BACKGROUND: The Carnegie Museum of Natural History has collaborated with the University of Pittsburgh Medical Center to scan the mummy of a small child now on display at the museum. Child mummies are rare, and this one is smaller than normal, with an oversized head and a slight curvature of the spine. The researchers hope to determine what disorder the child may have suffered from in life to cause those features.
MUMMIFY ME: To mummify the deceased in Egypt, first, the brain was scrambled with hot, sharp hooks to liquefy the gray matter, then yanked out through the nostrils; the Egyptians didn't consider the brain to be an important asset for the afterlife, unlike the rest of the vital organs, which were carefully removed and stored in jars. The head was stuffed with sawdust and various resins, and the body covered in natron, a salt common to the region. This dried out the body and prevented decomposition. The corpse was then wrapped in strips of white linen treated with resins from fir and pine trees, beeswax, myrrh, palm wine, cassia, camphor oil, and other naturally microbe-resistant ingredients. The mummy was then wrapped in a sheet of canvas in a coffin, surrounded by various sacred charms and amulets.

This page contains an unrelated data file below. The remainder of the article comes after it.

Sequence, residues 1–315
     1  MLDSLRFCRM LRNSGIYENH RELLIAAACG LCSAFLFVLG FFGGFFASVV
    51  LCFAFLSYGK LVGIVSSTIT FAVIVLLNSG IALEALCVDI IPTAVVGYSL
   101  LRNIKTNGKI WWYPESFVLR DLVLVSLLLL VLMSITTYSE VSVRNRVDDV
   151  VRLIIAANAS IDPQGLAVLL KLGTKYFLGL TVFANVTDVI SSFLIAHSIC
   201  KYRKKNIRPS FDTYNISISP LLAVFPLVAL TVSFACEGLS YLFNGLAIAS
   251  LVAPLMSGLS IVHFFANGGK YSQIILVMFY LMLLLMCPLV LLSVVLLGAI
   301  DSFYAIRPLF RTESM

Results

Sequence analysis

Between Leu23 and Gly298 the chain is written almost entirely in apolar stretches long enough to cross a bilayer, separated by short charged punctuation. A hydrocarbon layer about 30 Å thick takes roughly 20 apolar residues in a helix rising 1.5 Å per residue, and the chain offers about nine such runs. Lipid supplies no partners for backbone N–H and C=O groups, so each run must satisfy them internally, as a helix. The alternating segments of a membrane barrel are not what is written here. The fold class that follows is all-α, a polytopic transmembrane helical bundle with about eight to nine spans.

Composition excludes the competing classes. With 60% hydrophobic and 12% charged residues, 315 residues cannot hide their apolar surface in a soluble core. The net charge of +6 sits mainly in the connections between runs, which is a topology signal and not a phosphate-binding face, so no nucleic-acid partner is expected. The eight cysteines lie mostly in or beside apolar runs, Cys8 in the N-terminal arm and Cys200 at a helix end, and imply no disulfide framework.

ABOUT CAT SCANS: Any X-ray imaging machining shoots a beam of x-rays onto the body. As they pass through the body, different tissues absorb different amounts of the radiation. Bones absorb a lot of the energy and appear white on the x-ray image. Soft tissues, such as skin, fat and muscle, absorb less ad appear in various shades of gray. The lungs, filled with air, absorb almost no energy and appear dark. A CAT scan is just like a standard x-ray, except it uses an x-ray generating device that moves around the entire body to generate cross-sectioned images that are fed into a computer to produce a full 3D image. CAT scan images reveal far more detail of things like internal organs, adrenal glands and blood vessels, than conventional x-ray machines reveal.
WHO KILLED KING TUT? In 2005, scientists subjected the mummified corpse of Tutankhamen to a 15-minute CT scan, producing 1700 images. Earlier x-rays seemed to indicate the presence of bone fragments, suggestive of a blow to the head, leading to speculation that Tut had been murdered. There also was a dense spot at the lower back of the skull, which researchers interpreted as evidence of a subdural hematoma, also consistent with a blow to the head. The 2005 CT scans put the speculation to rest, finding no evidence of foul play. Rather, it seems Tut died of a broken leg that turned gangrenous, killing him within days, possibly even hours.